Who: West Virginia (2-1) vs. Terps (3-0)
When: Saturday, 3:32 p.m.
Where: M&T Bank Stadium, Baltimore
DMV radio: WTEM (980 AM), WJZ (105.7 FM).
Satellite radio: Sirius Channel 117, XM Channel 202.
Coaches: Terps – Randy Edsall (third season, 9-18). Mountaineers – Dana Holgorsen (third season, 19-10)
Series: 50th meeting. West Virginia leads 26-21-2.
The Maryland football team can at once exorcise its recent demons against West Virginia and match last season’s win total with a victory Saturday, all while remaining undefeated. The Terrapins are favored, and rightfully so. Their offense has rolled to 500 yards against Florida International, Old Dominion and Connecticut, and the defense hasn’t been challenged yet. Still, the Mountaineers will provide a nice tune-up before Florida State on Oct. 5 after the team’s first bye week. West Virginia still hasn’t beaten a Football Bowl Subdivision program yet, but played Oklahoma tough on the road and has displayed an unusually balanced offense with two-running back sets after losing Geno Smith, Tavon Austin and Stedman Bailey to the NFL draft. Maryland hasn’t beaten West Virginia since the Gator Bowl on New Years’ Day 2004, when quarterback Scott McBrien – who transferred from Morgantown following the 2000 season – destroyed his former team. So, in other words, the Terps haven’t beaten West Virginia without a Mountaineers quarterback since 2001.
1) Will the offensive magic continue? Only three FBS programs have put up three consecutive 500-yard games this season: Oregon, California and Maryland. Last season in Morgantown, freshman Perry Hills lined up under center for Maryland, throwing short passes that Stefon Diggs bottled and transformed into magic. This season, C.J. Brown has become one of the nation’s most dangerous quarterbacks, buoyed by a supporting cast of playmakers that ranges from Diggs to wide receiver Deon Long to running back Brandon Ross. West Virginia is never known for its defense, but will try to limit the suddenly potent show that’s popped up in College Park.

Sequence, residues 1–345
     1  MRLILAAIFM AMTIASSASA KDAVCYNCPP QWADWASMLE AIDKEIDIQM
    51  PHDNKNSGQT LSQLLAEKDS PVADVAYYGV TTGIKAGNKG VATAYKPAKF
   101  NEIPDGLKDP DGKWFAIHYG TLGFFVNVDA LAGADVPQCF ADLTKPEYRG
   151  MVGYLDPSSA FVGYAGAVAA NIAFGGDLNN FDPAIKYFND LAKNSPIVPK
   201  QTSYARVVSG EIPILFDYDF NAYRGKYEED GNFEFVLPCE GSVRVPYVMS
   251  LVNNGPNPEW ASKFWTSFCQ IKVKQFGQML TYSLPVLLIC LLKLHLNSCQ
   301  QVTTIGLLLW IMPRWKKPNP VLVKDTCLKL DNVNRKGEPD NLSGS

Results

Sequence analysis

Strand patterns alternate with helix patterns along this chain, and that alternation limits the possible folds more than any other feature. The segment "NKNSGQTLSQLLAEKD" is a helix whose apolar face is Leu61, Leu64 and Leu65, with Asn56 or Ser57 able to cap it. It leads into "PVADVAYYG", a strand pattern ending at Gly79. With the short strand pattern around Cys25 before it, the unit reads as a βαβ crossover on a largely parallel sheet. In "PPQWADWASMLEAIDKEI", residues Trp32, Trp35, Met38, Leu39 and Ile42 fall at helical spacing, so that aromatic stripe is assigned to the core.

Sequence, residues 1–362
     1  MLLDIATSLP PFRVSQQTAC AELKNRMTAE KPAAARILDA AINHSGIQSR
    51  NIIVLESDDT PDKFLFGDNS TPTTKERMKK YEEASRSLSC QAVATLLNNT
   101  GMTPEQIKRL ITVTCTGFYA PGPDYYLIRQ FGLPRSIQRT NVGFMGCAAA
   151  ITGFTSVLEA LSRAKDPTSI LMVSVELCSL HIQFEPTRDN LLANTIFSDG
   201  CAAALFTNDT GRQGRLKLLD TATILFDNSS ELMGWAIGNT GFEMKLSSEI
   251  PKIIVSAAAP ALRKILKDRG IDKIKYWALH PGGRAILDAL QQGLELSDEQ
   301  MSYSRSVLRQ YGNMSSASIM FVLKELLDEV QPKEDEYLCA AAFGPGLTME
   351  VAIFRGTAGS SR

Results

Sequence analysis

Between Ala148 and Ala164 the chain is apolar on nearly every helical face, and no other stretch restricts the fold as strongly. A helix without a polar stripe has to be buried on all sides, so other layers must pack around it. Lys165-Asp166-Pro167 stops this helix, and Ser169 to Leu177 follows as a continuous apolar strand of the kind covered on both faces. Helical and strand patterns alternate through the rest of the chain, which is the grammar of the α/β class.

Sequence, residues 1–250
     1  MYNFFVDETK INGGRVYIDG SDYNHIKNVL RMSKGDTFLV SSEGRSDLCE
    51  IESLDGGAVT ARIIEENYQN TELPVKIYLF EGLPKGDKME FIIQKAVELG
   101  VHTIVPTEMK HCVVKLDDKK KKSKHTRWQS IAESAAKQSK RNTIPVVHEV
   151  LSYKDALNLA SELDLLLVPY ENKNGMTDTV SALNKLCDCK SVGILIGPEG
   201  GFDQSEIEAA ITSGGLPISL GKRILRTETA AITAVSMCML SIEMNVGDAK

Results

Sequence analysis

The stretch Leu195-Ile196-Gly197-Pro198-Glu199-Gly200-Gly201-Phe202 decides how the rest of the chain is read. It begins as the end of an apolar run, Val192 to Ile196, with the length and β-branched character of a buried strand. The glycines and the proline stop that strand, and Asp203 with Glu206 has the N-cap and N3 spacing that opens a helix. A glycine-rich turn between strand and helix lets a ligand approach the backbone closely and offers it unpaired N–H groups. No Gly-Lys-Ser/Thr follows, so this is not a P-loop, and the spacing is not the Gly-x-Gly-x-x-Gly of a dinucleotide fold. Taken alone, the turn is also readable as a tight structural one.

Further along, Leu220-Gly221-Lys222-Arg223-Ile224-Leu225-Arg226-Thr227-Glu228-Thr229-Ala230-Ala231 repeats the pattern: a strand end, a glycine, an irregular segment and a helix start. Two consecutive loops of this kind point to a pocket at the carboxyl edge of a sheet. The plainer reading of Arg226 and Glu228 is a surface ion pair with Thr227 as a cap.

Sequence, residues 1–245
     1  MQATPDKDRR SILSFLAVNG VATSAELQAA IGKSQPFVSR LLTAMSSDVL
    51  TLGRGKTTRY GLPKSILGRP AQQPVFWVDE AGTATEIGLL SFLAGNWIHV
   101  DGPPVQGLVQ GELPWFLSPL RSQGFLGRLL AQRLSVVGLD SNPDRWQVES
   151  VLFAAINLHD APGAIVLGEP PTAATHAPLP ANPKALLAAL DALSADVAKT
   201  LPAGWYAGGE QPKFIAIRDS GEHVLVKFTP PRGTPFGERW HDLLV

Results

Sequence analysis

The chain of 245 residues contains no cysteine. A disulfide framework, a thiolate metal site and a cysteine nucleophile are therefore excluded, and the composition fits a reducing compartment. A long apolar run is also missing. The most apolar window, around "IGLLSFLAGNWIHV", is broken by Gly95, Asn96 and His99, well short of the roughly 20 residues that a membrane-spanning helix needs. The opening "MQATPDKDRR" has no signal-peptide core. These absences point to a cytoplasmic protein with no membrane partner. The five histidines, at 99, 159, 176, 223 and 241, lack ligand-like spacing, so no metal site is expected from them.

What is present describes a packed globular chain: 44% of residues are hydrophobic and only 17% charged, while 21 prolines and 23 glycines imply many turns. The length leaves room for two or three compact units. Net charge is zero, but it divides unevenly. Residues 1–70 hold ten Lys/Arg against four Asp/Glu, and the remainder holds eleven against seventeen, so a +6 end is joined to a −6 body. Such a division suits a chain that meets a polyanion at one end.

2) Can Maryland get to Childress? West Virginia quarterback Ford Childress will make his second career start and must handle a Maryland pass rush that ranks among the nation’s best. Outside linebacker Marcus Whitfield has tallied 1.5 sacks per game, tied for first nationally, and his backup Yannick Cudjoe-Virgil often brings havoc from the other side. Childress is a big-bodied signal-caller capable of absorbing the pressure, and all but welcomed the Terps to blitz their hearts out during interviews this week. Maryland wants to blitz, and must with a secondary depleted by injury. West Virginia knows it’s coming. Which side wins out?
3) How will the Terps defend the run? West Virginia running back Charles Sims is flying under the radar a bit despite averaging 5.6 yards on 52 carries this season, topping 100 yards twice. The Mountaineers have employed two running backs on the field more this season than they did last year in Morgantown, and though Sims has caught just four passes for 48 yards through three games, he can still be a dangerous threat releasing from the backfield. If Maryland enters its standard nickel package, middle linebacker Cole Farrand will be responsible for spying Sims. His success – not just limiting Sims’s pass-catching opportunities, but curbing his rushing gains at the second level — could set the tone for the Terps.
363.3: Yards per game from Maryland quarterback C.J. Brown.
8: Years since the Terps tallied six sacks in a game before doing so against Connecticut.
40: Percentage of times that Whitfield and Cudjoe-Virgil blitzed together and recorded sacks vs. the Huskies, out of 10 snaps.
“I think it’s the fact that it’s kind of a home game for us, but it’s not. It’s not right here in our back yard, but it is in Baltimore. It’s still our home crowd, things like that. Just the fact that it’s an NFL stadium maybe adds a little more. But all in all, the field’s the same size. You still have to go out there and play the game.” – Brown.
“I think people tend to get too caught up in yards. In today’s offenses, with the number of plays they’re running, I think obviously you have to control that, can’t let it get out of hand. But at the same time, the bottom line is, at the end of the day, the objective of a defense is to stop them from scoring. I thought Connecticut did a good job of that. They big-played Connecticut, and that’s where the yards came in, but Connecticut did a good job of keeping them out of the end zone, and that’s the key to everything.” – West Virginia defensive coordinator Keith Patterson.
THE SONG OF SATURDAY
“Superfast Jellyfish” by Gorillaz.
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